The Free Media

TFM-logo-thefreemedia
zap inflation

Zimbabwe has issued gold coins to combat the country’s soaring inflation. The country’s central bank, the Reserve Bank of Zimbabwe, announced the move and distributed 2,000 coins to commercial banks.

The central bank’s interest rate more than doubled to 200 percent this month after the annual rate of inflation surpassed 190 percent.

Why did the government issue gold coins?

Zimbabwe has tried several methods to combat the country’s nearly decade-long inflation. This year, the Zimbabwean dollar has lost value against major currencies. As a result, Zimbabweans have been black marketing US dollars. This action is taken to exert control over the elicit commerce in the commerce.

Furthermore, gold coins can be used by international investors as a form of insurance against inflation and conflict. Inflation has had a significant impact on the country’s economy and population. Furthermore, people lost faith in Zimbabwe’s currency after witnessing their savings being wiped out during the 2008 hyperinflation.

In May, the country experienced 132 percent inflation. As a result, the authorities are taking this step to improve the picture and stabilize the economy.

The coin is known as the “Mosi-oa-Tunya.”

The coin is called “Mosi-oa-Tunya,” which means “The Smoke That Thunders” in Tonga and refers to Victoria Falls. The coins will have liquid asset status, meaning they can be easily converted to cash and will be tradable both locally and internationally.

In its announcement, the central bank stated that the coins “may also be used for transactional purposes.”

Who can purchase these coins?

Individuals and businesses can purchase these gold coins from banks and other authorized outlets, according to the official announcement. The coins can be deposited in a bank or taken home. Furthermore, foreigners are only permitted to purchase coins in foreign currency. Only after 180 days from the date of purchase can coin holders exchange them for cash.

The Reserve Bank of Zimbabwe’s Governor, John Mangudya, stated that the first batch was not minted in the country, but that they will be produced gradually.

Who gets to set the price?

The price of the gold coins will be determined by the international market rate for an ounce of gold, plus a 5 percent production cost.

“22-carat coins can be used for purchases in shops, depending on whether the shop has enough change, as well as security for loans and credit facilities,” Mangudya explained.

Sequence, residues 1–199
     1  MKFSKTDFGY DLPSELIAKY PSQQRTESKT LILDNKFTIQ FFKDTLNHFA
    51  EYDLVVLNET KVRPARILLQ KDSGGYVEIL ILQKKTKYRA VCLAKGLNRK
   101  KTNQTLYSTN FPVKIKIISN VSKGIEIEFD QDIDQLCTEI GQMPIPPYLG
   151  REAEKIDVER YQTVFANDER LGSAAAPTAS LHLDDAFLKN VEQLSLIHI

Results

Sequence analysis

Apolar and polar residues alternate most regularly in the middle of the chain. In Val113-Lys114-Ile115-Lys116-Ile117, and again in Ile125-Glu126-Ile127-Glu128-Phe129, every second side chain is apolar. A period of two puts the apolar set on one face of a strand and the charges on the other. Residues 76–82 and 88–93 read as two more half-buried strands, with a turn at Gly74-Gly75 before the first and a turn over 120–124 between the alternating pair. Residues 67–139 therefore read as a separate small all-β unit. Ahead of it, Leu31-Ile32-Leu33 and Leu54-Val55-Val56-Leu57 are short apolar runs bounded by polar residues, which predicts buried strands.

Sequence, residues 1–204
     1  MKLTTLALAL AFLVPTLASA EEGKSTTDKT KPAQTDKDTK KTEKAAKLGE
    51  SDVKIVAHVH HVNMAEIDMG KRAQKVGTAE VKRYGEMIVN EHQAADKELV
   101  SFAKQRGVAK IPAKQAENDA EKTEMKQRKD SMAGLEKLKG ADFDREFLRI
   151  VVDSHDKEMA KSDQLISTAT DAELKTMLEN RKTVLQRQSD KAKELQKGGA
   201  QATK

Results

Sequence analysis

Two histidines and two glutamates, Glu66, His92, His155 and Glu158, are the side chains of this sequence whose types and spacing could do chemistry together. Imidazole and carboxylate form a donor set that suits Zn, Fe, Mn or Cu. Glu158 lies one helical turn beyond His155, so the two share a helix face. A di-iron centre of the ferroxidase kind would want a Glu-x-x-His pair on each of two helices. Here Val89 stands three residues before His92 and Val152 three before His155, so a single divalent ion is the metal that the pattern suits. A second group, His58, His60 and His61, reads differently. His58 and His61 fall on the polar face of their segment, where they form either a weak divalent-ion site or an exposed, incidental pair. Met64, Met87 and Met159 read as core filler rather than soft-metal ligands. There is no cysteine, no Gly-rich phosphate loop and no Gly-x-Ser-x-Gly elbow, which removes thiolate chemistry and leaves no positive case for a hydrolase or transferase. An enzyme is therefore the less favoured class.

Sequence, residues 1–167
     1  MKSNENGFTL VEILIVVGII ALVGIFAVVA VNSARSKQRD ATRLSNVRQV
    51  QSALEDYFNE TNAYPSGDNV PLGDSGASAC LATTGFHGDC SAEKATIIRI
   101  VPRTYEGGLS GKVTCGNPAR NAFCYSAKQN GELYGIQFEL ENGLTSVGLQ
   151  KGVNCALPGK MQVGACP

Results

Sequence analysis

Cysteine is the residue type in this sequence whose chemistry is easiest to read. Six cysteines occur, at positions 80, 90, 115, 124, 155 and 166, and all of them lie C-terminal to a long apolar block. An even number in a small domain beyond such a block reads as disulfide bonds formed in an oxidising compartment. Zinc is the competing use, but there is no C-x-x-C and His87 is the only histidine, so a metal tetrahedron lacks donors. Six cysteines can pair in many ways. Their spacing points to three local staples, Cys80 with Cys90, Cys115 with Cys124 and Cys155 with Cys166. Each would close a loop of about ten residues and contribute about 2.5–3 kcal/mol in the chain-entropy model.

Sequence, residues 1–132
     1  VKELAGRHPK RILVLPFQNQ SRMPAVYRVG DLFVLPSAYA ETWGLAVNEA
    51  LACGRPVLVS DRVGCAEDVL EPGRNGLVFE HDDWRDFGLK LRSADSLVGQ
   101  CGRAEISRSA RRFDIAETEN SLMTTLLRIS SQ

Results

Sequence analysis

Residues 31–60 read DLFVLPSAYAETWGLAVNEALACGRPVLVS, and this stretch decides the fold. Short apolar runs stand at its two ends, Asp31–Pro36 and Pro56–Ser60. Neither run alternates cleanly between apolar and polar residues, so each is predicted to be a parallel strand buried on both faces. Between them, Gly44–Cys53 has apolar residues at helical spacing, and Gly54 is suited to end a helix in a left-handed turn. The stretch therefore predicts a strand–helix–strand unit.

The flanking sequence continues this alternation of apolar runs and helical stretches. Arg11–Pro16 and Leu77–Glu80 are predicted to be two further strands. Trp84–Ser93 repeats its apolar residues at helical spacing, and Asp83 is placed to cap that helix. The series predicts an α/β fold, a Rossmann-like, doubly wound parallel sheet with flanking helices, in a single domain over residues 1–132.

At the time of launch, one coin cost $1,824 USD.

Zimbabwe’s economic chaos

Zimbabwe’s central bank reported a 200 percent inflation rate. Russia’s invasion of Ukraine exacerbated the situation by causing a rise in global commodity prices, including in Zimbabwe.

At the same time, inflation in the country accelerated from single digits in 2000 to 114 percent in 2004, then to 157 percent in 2008, and finally to 588 percent in 2020.

Following Zimbabwe’s independence in 1980, the central bank was able to keep prices under control, with inflation ranging between 10% and 20%. After the government implemented a land reform program in the 1990s, the economy began to deteriorate.

Zimbabwe experienced hyperinflation in the 2000s, resulting in “a weakening of the local currency and a de-anchoring of inflation expectations.”

The government decided to replace the Zimbabwe dollar with the US dollar in 2009. The decision helped to keep inflation under control until 2018, when a new local currency was introduced.

However, the new currency resulted in the country’s second hyperinflation. Even after the new local currency was introduced, Zimbabweans lost faith in their currency and preferred the US dollar as a substitute.

When the situation deteriorated, the government ceased publishing official inflation figures, but one estimate put the rate at 89.7 trillion percent year on year in mid-November 2008. According to reports, the one hundred billion Zimbabwe dollar banknote was seen as a symbol of the country’s economic collapse at the time.

Share on Social media

Share on facebook
Facebook
Share on twitter
Twitter
Share on linkedin
LinkedIn
Share on whatsapp
WhatsApp
Share on email
Email

Related Post